Film Title: A Kind of Murder
Director: Andy Goddard
Release Date: December 2016
Plot Summary: Walter Stackhouse, an architect and writer, becomes intrigued by a news story about a man’s wife who was murdered. His inability to leave the ongoing case alone bites him in the ass as a new investigation involving his own wife centers around him.
I stumbled upon this movie while scrolling through my Netflix feed. I was drawn to the movie due to the time period (1960s), and where it took place (New York). The cast also seemed very fitting, with Patrick Wilson playing the main character, Jessica Biel playing his wife, and Haley Bennett playing a love-interest. I went into this movie without having seen the trailer, but the synopsis seemed interesting enough.
To start off, I was beyond excited to be watching a movie about someone who writes. The moment I see a typewriter on screen, regardless if anyone is even using it or not, I am fairly sure I’m going to be hooked. And I was. I was hooked for quite some time. There was an intriguing mystery taking place and I loved that there were parallels building between the man in the newspaper’s story as well as the main character’s story. However, this is also where the story began to become less concrete, almost to the point that it lost any real sensibility. Where I thought there was a meaning behind the parallels, the meaning quickly became skewd. There were times when I was genuinely surprised by the actions the main character was taking (particularly in regards to what he was telling to the investigator on his case), but not in a good way. I couldn’t figure out how he could be so stupid.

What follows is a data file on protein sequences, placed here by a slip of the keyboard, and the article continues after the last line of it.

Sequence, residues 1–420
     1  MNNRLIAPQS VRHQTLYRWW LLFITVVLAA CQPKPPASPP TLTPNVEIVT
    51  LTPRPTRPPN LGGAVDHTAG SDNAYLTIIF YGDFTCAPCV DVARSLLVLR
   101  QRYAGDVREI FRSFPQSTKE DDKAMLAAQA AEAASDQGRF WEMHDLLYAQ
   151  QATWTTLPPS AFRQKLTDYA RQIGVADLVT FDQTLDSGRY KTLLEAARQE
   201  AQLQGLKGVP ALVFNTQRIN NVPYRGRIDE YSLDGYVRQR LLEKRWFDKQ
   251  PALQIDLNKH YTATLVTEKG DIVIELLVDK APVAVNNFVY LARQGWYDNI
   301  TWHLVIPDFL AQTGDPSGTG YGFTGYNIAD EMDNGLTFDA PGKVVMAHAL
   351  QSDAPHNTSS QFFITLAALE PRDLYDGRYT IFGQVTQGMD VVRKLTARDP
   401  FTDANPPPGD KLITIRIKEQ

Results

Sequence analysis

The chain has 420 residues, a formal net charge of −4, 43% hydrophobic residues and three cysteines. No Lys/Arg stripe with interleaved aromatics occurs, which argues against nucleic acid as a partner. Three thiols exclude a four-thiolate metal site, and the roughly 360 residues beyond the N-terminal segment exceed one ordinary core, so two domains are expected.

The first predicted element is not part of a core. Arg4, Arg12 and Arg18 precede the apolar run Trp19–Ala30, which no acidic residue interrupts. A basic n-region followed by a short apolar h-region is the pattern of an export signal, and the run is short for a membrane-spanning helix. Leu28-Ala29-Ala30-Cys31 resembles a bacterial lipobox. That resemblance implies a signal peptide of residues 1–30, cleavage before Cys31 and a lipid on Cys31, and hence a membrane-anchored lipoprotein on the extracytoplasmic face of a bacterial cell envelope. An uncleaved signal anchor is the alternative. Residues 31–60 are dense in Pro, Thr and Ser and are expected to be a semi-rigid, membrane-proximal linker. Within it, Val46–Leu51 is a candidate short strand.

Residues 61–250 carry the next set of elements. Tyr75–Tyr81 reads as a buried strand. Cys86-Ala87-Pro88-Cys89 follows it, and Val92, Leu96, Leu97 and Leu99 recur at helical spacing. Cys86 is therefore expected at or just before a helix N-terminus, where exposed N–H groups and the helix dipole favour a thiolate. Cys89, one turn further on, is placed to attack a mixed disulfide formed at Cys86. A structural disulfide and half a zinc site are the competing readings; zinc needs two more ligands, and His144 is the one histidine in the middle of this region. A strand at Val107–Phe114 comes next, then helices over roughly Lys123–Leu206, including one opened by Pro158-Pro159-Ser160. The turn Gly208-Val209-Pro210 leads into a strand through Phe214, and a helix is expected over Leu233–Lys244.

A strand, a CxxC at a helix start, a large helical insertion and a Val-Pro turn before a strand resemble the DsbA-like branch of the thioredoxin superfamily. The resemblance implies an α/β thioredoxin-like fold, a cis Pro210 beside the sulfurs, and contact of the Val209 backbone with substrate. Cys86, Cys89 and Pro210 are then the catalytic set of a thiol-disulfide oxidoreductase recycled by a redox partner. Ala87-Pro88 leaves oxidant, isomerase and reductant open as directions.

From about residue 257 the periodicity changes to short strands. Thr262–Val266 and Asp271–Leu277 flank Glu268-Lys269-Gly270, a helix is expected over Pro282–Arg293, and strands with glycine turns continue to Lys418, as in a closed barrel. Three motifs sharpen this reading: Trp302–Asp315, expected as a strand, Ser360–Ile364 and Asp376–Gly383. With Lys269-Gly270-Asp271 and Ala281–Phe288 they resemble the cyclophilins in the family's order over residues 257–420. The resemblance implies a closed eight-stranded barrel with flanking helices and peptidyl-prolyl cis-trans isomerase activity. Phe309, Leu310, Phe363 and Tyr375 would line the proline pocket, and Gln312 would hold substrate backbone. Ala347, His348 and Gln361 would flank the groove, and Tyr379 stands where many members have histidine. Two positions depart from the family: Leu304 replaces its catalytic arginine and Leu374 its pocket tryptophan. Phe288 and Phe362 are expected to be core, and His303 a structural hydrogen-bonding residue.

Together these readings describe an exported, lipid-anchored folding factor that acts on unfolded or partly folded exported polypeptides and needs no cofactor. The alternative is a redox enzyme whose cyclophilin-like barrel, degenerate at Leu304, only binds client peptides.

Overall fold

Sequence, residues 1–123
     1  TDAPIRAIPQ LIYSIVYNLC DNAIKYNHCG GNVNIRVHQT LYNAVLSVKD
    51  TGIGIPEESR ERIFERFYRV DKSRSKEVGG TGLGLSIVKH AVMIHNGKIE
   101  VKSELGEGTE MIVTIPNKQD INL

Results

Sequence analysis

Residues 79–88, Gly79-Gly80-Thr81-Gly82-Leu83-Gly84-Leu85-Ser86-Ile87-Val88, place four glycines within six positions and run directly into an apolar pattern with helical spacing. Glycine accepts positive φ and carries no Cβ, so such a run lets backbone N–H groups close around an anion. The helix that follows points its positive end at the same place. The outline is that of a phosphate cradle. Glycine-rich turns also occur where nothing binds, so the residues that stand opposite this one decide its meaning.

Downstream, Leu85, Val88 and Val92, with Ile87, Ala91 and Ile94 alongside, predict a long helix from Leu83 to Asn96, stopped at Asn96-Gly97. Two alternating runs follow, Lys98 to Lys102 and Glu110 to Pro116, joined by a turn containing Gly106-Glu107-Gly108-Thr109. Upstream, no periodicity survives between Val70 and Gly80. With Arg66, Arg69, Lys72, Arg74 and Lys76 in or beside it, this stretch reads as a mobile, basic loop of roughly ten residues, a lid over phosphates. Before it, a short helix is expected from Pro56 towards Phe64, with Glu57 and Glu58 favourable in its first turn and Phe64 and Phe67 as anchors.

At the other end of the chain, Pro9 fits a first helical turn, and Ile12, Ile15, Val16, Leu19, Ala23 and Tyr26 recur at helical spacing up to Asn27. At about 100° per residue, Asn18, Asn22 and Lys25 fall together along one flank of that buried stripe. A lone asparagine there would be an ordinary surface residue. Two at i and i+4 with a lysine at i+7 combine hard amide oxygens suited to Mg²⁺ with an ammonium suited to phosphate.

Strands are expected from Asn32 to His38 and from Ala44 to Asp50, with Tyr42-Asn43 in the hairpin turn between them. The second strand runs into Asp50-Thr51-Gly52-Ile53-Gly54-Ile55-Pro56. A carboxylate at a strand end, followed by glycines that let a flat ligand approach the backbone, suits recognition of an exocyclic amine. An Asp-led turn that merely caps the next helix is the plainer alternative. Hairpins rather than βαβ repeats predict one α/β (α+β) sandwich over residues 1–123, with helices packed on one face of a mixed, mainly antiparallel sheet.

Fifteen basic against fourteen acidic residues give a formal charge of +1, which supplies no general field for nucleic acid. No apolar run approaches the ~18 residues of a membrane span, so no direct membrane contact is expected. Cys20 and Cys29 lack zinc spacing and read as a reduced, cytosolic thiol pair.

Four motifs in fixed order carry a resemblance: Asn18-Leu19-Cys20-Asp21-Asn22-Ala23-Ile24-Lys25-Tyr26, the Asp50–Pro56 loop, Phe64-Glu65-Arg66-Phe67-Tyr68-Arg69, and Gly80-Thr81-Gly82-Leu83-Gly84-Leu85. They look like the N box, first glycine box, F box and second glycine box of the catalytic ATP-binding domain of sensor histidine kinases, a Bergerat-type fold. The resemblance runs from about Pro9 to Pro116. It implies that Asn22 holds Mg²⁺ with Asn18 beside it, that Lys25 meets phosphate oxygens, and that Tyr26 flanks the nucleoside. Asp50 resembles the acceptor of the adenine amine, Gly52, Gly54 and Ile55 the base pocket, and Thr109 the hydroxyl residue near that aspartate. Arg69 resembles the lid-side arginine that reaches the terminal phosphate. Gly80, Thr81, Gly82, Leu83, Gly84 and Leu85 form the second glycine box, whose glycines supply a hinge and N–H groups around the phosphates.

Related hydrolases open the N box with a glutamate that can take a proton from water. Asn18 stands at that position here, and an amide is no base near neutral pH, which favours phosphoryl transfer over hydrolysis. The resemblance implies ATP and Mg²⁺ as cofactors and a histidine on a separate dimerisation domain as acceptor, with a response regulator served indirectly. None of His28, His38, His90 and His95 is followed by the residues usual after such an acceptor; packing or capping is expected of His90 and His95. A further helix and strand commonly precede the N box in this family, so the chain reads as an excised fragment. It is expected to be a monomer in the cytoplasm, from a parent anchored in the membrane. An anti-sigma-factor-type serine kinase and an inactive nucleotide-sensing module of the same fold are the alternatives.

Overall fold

Sadly, I have to admit that the acting was also particularly poor. I enjoyed Wilson’s portrayal of his character, but Biel was extremely weak in her role and I found her so annoying that what happens to her didn’t bother me one bit. In addition, Bennett seemed to play a character oddly similar to her role in The Girl on the Train and I didn’t really see a point to her being there. Lastly, the investigator was ridiculously cheesy and I struggled to take him seriously. While I do feel as though his character was written to be that way, it just didn’t work for me. I ended up rooting for both men under investigation, whether they were guilty or not, to win out over the investigators.
The most frustrating part of this entire movie was the ending. The entire way through, I stayed thoroughly interested in the story, but when we finally make it to the end, nothing seemed to be solved. I struggled to find any reason for the presence of many side characters, I couldn’t find any real correlation between the two intertwined stories (the main character’s and the one in the paper), and I felt no satisfaction over the fate of any of the characters. I just really didn’t care what the outcome was, and the makers of the film didn’t seem to care either. What I had thought might be a main reasoning for Wilson’s actions (that he is a writer who finds inspiration and curiosity through other real events and stories), which might I add is something that I, and I think other writers, can relate to, was immediately shot down in the middle of the movie with a crystal clear declaration by the investigator that “THAT IS NOT A VALUABLE EXCUSE.” Then what is the excuse for any of the bazaar actions this character does? We are left with no real answers and no real reason to care. I’m dissapointed because I think this movie really had the potential to be great.
I can only recommend this movie for the visual elements that seemed to do a good of mirroring 1960s New York, and for the mysterious element that keeps you intrigued up until the end ruins it all. I always love how movies make me FEEL, and this was one that really had me excited and invested in the plot for quite some time. Perhaps you can turn the film off ten minutes before it ends and imagine the ending in your head, for I’m sure it would be better than the actual one.
Side note: This film is based on a book by Patricia Highsmith. Though I haven’t read it, it is something I’d be interested in picking up. If you’ve read the book I’d love to know if you liked it or if the movie did the book justice.